The use of balanced crystalloids versus saline in sepsis

Brown RM, et al. Balanced Crystalloids versus Saline in Sepsis. A Secondary Analysis of the SMART Clinical Trial. Am J Respir Crit Care Med. 2019 Dec 15;200(12):1487-1495.

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Measurements and Main Results: Of 15,802 patients enrolled in SMART, 1,641 patients were admitted to the medical ICU with a diagnosis of sepsis. A total of 217 patients (26.3%) in the balanced crystalloids group experienced 30-day in-hospital morality compared with 255 patients (31.2%) in the saline group (adjusted odds ratio [aOR], 0.74; 95% confidence interval [CI], 0.59-0.93; P = 0.01). Patients in the balanced group experienced a lower incidence of major adverse kidney events within 30 days (35.4% vs. 40.1%; aOR, 0.78; 95% CI, 0.63-0.97) and a greater number of vasopressor-free days (20 ± 12 vs. 19 ± 13; aOR, 1.25; 95% CI, 1.02-1.54) and renal replacement therapy-free days (20 ± 12 vs. 19 ± 13; aOR, 1.35; 95% CI, 1.08-1.69) compared with the saline group.

Conclusions: Among patients with sepsis in a large randomized trial, use of balanced crystalloids was associated with a lower 30-day in-hospital mortality compared with use of saline.

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The balanced resuscitation approach

“Balanced resuscitation minimizes coagulopathy through permissive hypotension, restrictive crystalloid use, and high ratios of plasma and platelet to red blood cell transfusion.” (Cantle, 2017, p. 999)


Holcomb JB, Tilley BC, Baraniuk S, et al. Transfusion of plasma, platelets, and red blood cells in a 1:1:1 vs a 1:1:2 ratio and mortality in patients with severe trauma: the PROPPR randomized clinical trial.Transfusion of plasma, platelets, and red blood cells in a 1:1:1 vs a 1:1:2 ratio and mortality in patients with severe trauma: the PROPPR randomized clinical trial. JAMA. 2015 Feb 3;313(5):471-82.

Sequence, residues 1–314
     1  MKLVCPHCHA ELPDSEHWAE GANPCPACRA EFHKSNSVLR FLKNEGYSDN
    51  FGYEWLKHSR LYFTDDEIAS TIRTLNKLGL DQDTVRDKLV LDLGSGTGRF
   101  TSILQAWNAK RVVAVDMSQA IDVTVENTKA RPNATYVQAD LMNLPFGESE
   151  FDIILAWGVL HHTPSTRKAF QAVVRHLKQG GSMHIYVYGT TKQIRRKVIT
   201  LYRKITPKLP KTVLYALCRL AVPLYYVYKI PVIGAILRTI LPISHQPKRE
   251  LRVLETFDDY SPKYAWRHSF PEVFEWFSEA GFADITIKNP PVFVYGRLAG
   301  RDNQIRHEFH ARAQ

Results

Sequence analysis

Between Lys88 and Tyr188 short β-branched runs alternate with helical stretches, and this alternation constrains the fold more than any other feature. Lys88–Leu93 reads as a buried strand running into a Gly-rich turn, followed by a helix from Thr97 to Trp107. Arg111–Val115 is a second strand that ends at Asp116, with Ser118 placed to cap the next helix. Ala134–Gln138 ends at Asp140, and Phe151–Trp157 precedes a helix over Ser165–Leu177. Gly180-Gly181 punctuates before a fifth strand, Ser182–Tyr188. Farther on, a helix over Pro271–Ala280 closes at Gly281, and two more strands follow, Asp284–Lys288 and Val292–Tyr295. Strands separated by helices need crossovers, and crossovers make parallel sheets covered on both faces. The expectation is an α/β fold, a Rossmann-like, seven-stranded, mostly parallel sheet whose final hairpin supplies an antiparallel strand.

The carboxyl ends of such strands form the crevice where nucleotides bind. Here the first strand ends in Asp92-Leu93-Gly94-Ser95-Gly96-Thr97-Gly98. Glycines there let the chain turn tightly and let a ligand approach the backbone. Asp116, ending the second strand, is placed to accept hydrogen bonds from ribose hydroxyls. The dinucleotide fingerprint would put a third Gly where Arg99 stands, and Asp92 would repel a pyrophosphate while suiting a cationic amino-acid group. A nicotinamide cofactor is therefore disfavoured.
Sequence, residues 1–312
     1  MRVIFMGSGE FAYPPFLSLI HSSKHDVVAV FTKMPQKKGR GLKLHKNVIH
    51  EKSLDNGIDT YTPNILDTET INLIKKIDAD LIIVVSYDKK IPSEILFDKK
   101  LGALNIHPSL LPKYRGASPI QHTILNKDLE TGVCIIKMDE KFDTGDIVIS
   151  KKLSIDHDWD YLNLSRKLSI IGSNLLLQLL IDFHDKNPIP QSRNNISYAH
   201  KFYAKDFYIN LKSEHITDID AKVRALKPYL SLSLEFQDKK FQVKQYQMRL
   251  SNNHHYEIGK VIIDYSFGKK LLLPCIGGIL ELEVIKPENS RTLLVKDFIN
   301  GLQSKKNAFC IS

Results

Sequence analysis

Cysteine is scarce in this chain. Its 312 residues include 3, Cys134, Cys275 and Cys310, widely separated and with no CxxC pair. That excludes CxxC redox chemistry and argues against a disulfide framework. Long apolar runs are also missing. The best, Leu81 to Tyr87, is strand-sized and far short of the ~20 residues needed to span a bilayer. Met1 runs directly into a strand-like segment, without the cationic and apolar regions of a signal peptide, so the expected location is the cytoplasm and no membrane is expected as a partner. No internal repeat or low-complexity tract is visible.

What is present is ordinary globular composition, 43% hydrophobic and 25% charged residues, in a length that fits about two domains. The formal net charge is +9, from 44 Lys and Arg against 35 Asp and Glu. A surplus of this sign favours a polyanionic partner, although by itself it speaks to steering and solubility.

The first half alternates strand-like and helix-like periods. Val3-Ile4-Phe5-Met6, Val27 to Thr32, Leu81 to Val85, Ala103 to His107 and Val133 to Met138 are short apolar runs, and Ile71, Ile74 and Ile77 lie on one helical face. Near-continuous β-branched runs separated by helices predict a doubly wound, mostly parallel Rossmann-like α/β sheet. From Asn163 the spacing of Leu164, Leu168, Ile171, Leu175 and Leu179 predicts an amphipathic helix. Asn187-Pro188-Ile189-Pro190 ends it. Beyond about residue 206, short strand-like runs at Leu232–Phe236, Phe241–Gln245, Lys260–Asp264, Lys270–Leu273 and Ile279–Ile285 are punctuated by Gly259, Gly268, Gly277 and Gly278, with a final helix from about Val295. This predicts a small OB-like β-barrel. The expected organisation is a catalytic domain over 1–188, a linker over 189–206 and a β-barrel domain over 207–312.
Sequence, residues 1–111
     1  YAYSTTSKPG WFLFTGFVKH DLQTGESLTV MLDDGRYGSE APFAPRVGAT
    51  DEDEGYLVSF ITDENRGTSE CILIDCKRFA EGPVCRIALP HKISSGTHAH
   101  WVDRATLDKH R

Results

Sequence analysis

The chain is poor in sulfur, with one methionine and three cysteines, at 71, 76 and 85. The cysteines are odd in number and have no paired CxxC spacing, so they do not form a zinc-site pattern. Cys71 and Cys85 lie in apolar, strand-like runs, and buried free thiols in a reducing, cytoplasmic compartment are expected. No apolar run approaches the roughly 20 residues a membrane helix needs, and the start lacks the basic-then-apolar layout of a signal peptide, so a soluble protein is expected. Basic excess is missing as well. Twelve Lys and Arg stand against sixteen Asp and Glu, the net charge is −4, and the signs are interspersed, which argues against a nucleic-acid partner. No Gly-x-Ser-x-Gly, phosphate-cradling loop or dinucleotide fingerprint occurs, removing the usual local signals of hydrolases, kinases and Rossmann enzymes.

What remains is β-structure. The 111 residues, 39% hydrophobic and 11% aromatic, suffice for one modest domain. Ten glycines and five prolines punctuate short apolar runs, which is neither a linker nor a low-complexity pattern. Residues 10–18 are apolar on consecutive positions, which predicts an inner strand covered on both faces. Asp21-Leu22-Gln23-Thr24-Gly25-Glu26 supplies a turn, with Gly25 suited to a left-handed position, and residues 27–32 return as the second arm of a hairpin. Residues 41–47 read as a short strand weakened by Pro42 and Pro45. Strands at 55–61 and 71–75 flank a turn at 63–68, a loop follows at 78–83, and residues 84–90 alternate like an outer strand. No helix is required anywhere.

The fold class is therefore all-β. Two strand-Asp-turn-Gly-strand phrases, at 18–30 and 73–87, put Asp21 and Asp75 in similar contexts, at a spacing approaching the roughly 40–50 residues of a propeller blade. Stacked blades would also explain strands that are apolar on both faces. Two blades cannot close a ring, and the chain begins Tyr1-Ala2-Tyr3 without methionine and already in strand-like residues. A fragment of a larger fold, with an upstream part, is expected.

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“Exsanguination, the predominant cause of death within the first 24 hours, was decreased in the 1:1:1 group (9.2%) vs the 1:1:2 group (14.6%) (difference, −5.4% [95% CI, −10.4% to −0.5%], P = .03); the median time to death due to exsanguination was 106 minutes interquartile range [IQR], 54 to 198 minutes) and 96 minutes (IQR, 43 to 194 minutes), respectively. From 24 hours through 30 days, the numbers of additional all-cause deaths were similar (32 for the 1:1:1 group vs 31 for the 1:1:2 group). Over 30 days, deaths due to exsanguination occurred in 10.7% of patients in the 1:1:1 group vs 14.7% in the 1:1:2 group, whereas deaths due to traumatic brain injury were 8.1% vs 10.3%, respectively. Additional causes of death were infrequent and are shown in Table 3. More patients achieved anatomic hemostasis in the 1:1:1 group (86.1% vs 78.1% in the 1:1:2 group, P = .006) with a median time of 105 minutes (IQR, 64 to 179 minutes) vs 100 minutes (IQR, 56 to 181 minutes), respectively (P = .44) in those who achieved anatomic hemostasis (Table 2).” (Holcomb, 2015, p. 475)

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Intraoperative cardiac arrest: Resuscitation and Management

One discussion this week included intraoperative cardiac arrest.


Reference: Moitra VK, et al. Cardiac arrest in the operating room: resuscitation and management for the anesthesiologist: part 1. Anesthesia & Analgesia. 2018 Mar;126(3):876-888. doi: 10.1213/ANE.0000000000002596.

Summary: Cardiac arrest in the operating room and procedural areas has a different spectrum of causes (ie, hypovolemia, gas embolism, and hyperkalemia), and rapid and appropriate evaluation and management of these causes require modification of traditional cardiac arrest algorithms. There is a small but growing body of literature describing the incidence, causes, treatments, and outcomes of circulatory crisis and perioperative cardiac arrest. These events are almost always witnessed, frequently known, and involve rescuer providers with knowledge of the patient and their procedure.

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